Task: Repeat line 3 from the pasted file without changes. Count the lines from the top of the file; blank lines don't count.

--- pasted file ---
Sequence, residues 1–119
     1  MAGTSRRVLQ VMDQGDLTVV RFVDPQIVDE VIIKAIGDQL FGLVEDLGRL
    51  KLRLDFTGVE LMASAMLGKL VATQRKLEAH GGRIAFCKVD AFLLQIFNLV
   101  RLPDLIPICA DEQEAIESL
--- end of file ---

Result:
    51  KLRLDFTGVE LMASAMLGKL VATQRKLEAH GGRIAFCKVD AFLLQIFNLV